## Sunday, July 30, 2023

### "10 people and 10 hats (an old problem)"

When drawing inferences using probability theory it is crucial to understand whether events are dependent or independent. In gambling games this is the difference between a slot machine where the last spin does not influence the outcome of the next spin and blackjack where each card that is dealt changes the composition of the deck of remaining cards.

In investing, misunderstanding this concept can lead to disaster as when the beautiful, well-trimmed hedge you have constructed from seemingly uncorrelated assets turns into a garden of weeds as the correlation you either didn't see or didn't understand makes itself apparent.

From Standard Wisdom:

Problem: 10 people walk into a party and give their hats to the coat and hat check guy. When the party finishes, their hats are returned in no specific order and with no specific intent. What is the probability that no one gets their own hat back? (This is an old problem, and a standard one in combinatorics and probability.)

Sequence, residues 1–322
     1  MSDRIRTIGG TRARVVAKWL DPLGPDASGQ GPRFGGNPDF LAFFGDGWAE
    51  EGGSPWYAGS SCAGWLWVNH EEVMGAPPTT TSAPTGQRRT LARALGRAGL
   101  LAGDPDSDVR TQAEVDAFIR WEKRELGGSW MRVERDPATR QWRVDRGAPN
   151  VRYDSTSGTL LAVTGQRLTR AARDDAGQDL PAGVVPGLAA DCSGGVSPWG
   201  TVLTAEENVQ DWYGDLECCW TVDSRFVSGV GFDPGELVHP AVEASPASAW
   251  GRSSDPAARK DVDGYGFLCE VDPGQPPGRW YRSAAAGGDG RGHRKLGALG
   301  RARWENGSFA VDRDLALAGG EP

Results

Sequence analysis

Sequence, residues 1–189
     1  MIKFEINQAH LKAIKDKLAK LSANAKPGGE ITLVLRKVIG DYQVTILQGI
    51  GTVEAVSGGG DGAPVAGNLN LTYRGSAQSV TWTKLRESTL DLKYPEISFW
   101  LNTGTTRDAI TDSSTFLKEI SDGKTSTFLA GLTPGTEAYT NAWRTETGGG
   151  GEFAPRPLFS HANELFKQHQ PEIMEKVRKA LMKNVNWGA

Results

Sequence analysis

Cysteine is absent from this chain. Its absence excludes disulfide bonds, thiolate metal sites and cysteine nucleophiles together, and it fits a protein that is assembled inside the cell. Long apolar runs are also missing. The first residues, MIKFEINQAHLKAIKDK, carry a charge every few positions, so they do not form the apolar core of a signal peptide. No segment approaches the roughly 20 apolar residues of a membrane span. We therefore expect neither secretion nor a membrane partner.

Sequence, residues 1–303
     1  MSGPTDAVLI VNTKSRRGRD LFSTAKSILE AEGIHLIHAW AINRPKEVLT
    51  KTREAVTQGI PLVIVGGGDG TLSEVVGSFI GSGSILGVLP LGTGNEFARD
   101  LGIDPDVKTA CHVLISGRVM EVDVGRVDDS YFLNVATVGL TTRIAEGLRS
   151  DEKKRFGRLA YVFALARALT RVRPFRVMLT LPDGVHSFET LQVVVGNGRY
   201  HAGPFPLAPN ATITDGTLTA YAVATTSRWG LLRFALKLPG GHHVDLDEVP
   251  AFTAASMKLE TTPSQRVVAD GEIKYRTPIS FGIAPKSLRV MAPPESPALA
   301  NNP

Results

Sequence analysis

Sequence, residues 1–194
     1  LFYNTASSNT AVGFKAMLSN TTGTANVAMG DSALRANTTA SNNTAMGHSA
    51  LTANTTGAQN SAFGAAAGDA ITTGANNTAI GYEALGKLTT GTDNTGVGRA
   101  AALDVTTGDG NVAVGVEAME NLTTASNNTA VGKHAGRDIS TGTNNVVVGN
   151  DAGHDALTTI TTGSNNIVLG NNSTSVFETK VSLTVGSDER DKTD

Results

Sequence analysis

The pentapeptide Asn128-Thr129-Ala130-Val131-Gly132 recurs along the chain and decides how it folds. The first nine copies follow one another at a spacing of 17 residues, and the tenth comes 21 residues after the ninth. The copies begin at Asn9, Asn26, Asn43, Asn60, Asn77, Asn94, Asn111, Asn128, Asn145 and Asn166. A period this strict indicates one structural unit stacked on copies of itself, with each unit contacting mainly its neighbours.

First, an approximate solution: probability that a person gets his hat back is 1/10, so the probability that the person does not get his hat back is 9/10. So the probability that no one gets their hat back is 0.9^10 = 0.34868. Why is this solution imperfect? Well, because the events aren’t really independent. If one person gets their hat back, it increases the chance that the remaining people will get their hats back (easy to see that with two people ðŸ˜‰ ).  We can’t really multiple the event probabilities, if the events are not independent.

The solution: The correct solution comes from combinatorics. Total number of ways in which hats can be returned is 10! (10 factorial = 10 x 9 x 8 x … 1). If we can count the number of ways in which no guest receives their hat back, then we can deduce the probability by dividing that number by 10!. To count that, we can use the principle of inclusion and exclusion. Say A1 is the set of cases in which the first guest receives his own hat back. Then, we can enumerate:

The cases in which some guest(s) receive their own hats back are: A1 U A2 U … U A10...

....MUCH MORE